Kind colleague saddles up for a mammoth cycle

A DETERMINED cyclist took part in a 100-mile charity bike ride in memory of man who died from meningitis at the age of 40.

Monday, 8th August 2016, 5:45 am
Updated Monday, 8th August 2016, 2:50 pm
Chris Short rode 100 miles in memory of Gary Mansbridge

Chris Short competed in this year’s RIDELONDON100 event at the end of July to raise money for Meningitis Now after his colleague’s husband, Gary Mansbridge died last year.

The 41-year-old, a welder at H+S Aviation said: ‘It was great to complete the event in memory of Gary and to raise a load of money for charity in the process.

‘Everyone was devastated when Gary passed away, it happened so quickly, nobody could believe it.’

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RIDELONDON100 saw cyclists start at the Olympic stadium where they will follow the 2012 Olympic route through Surrey before returning to London and ending on The Mall.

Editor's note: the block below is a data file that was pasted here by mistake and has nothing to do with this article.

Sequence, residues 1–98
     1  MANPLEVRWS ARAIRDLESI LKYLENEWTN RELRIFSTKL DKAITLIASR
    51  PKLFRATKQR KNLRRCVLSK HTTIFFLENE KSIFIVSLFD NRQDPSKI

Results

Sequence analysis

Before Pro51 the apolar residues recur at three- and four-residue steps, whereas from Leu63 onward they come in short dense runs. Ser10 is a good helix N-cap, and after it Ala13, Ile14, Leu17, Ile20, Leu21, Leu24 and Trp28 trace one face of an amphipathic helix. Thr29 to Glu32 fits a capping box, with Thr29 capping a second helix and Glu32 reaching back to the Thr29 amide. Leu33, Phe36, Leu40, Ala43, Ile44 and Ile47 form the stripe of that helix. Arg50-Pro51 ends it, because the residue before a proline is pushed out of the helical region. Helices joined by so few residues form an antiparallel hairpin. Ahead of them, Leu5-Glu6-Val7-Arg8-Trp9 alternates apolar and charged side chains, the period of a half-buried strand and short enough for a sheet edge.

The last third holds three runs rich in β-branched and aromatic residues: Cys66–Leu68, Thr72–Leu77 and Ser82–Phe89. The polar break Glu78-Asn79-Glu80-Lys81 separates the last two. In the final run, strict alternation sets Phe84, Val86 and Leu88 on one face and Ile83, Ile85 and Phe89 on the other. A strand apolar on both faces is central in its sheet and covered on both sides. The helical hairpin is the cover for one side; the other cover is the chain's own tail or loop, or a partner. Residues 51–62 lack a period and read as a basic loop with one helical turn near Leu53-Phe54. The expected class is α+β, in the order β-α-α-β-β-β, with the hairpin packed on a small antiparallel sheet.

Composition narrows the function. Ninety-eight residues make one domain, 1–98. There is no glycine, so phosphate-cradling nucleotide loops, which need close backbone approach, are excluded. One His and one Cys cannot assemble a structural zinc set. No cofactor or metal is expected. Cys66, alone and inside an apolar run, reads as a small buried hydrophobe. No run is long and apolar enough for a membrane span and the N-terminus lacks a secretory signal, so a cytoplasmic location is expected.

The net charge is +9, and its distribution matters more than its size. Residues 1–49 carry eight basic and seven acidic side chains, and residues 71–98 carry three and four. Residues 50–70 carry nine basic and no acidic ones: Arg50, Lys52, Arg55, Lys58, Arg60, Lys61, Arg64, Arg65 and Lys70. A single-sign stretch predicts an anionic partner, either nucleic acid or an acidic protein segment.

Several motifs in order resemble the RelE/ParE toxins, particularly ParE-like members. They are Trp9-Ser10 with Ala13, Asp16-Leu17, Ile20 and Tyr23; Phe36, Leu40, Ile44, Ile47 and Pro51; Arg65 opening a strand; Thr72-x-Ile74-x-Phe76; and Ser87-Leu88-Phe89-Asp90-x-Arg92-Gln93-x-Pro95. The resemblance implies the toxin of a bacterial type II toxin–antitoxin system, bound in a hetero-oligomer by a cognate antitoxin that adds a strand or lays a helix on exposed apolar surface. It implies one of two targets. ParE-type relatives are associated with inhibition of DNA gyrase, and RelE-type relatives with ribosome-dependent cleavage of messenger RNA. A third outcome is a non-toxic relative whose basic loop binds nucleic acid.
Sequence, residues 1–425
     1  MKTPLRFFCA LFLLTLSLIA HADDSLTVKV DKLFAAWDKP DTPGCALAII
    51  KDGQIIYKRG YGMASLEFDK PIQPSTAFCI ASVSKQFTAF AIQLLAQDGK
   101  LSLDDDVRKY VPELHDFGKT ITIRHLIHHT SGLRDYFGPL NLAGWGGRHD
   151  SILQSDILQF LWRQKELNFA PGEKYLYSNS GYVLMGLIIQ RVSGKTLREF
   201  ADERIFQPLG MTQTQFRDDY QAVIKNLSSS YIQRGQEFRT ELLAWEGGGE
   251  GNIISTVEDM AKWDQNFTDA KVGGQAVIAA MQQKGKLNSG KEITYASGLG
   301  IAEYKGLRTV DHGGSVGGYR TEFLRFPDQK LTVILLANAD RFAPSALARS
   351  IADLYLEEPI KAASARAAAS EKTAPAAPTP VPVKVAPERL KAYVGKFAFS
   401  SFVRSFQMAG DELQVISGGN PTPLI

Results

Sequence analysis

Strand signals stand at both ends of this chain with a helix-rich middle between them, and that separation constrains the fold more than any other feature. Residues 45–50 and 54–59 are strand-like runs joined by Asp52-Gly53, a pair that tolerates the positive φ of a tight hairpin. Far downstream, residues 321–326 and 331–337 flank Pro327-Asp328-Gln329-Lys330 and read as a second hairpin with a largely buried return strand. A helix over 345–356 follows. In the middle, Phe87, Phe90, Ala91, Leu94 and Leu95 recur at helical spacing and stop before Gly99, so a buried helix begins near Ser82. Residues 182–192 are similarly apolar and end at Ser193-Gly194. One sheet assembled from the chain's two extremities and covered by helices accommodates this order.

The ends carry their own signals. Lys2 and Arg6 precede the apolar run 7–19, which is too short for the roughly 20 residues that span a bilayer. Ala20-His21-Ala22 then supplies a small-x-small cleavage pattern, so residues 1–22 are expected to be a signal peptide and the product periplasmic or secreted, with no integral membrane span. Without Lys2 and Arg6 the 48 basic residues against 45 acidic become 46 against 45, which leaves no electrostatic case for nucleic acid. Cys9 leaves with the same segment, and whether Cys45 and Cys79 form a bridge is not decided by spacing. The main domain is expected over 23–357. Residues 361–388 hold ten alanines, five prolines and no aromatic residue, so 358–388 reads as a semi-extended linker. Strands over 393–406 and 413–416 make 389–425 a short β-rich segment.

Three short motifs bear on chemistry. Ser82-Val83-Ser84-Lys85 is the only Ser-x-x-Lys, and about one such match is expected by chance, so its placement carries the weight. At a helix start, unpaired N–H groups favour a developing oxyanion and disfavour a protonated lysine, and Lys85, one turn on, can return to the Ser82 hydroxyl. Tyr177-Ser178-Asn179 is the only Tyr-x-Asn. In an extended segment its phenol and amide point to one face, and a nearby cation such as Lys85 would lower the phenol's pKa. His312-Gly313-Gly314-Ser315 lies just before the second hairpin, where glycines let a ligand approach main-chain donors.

Chris, an avid cyclist from Purbrook, was optimistic ahead of the ride.

He said: ‘I cycle up Portsdown Hill everyday on my way home from work and I do a fair bit of cycling so I thought I would be prepared, having said that 100 miles is still a challenge.

‘I do a lot of mountain biking and I’ve cycled about 1,500 miles already this year so you could say I’m a pretty keen cyclist.’

Gary’s widow Claire said: ‘I was very touched when Chris asked if he could ride in Gary’s memory, it means so much to me and my family.’

Rachel Oakley, events fundraiser at Meningitis Now, said: ‘We’d like to thank Chris for his support in this event and hope he enjoyed the day.

She said: ‘We rely entirely on our supporters to raise the vital funds we need to carry out our lifesaving and life-changing work.’

Meningitis Now is the UK’s largest Meningitis charity which offers support, raises awareness and funds research into the illness.

Rachel said: ‘His support will make a real difference to those who are at risk from meningitis and those whose lives have already been changed forever because of it.’

So far Chris has raised £500 for Meningitis Now. To donate, visit